Presentation on theme: "The politics of oral health in British Columbia. The Canadian Dental Association defines oral health as a state of the oral and related tissues and structures."— Presentation transcript:
The politics of oral health in British Columbia
The Canadian Dental Association defines oral health as a state of the oral and related tissues and structures that contribute positively to physical, mental and social well-being and to the enjoyment of life's possibilities, by allowing the individual to speak, eat and socialize unhindered by pain, discomfort or embarrassment.
Dental caries, also known as tooth decay or cavity A disease where bacterial by- products damage hard tooth structures, causing holes in the teeth. Untreated, caries lead to pain, tooth loss, infection, and, in severe cases, death. Caries are one of the most common diseases in the world.
Gingivitis: irritation of the gums caused by bacterial plaque between gums and the teeth, and calculus (tartar) on the teeth. Irritation & inflammation causes deep pockets between the teeth and gums and loss of bone around teeth, known as periodontitis. The loss of bone from periodontitis can cause teeth to become loose and fall out or need to be extracted because of acute infection. Proper maintenance above and below the gum line to remove plaque and tartar helps remove the cause of inflammation and helps prevent infection & tooth loss.
Deterioration in fillings, crowns and other restorations. Root cavities decay on roots of teeth exposed by receding gums. Periodontal pockets caused by gum disease. New decay under the gum line. Cavities under existing fillings. Hairline tooth fractures. Impacted wisdom teeth. Early signs of gum disease. Early signs of oral cancer. Signs of other problems that could affect your general health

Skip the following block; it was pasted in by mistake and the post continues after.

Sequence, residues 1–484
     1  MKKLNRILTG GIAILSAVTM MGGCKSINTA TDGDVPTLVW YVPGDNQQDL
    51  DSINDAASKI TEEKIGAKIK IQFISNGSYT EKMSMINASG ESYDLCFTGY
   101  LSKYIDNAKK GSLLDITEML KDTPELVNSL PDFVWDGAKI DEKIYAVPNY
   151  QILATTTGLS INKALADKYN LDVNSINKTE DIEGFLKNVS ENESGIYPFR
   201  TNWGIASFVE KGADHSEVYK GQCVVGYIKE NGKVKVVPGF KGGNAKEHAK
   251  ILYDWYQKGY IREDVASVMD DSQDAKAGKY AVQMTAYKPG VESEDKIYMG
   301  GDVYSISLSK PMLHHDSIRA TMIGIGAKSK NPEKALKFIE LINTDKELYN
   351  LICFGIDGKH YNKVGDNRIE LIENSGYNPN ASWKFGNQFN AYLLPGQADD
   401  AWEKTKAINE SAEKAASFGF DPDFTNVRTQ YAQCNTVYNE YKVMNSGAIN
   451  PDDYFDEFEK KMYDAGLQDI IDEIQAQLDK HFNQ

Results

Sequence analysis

Average number of filled or decayed teeth per adult = 15.8 (out of teeth) Untreated tooth decay averages 20% across class (concentrated in working class) 20 % young adults would benefit from orthodontic treatments 98% of the middle and upper classes have their natural teeth while 25% of those with low income are edentate (have no teeth)
Many Barriers Exist to Accessing Dental Care: 63% of Canadians have some private dental coverage The poor are concentrated in the 37 % that lack insurance – only 1 in 4 has any insurance versus 3 in 4 in higher income earning brackets Those without insurance lack funds for dental care Many workers are unable to take time Majority of services are in English w/o translation Many dental clinics are inaccessible to the disabled Lack of transportation and childcare Maintaining good oral health isnt a choice – it is a luxury!
In % of Canadians consulted a dentist: 12 – 19 years = 78.6% 75 years + = 40.8% Total dental expenditures in 2006 were almost 10 B with only 5% as public expenditures – the Federal and Provincial programs are completely inadequate or non- existent
Working class people wait until there is trouble to access dental care, with the result that were more likely to suffer: Loss of teeth Chronic infections Chronic pain and all its many complications Heart disease Diabetes Stroke Preterm and low birth-weight babies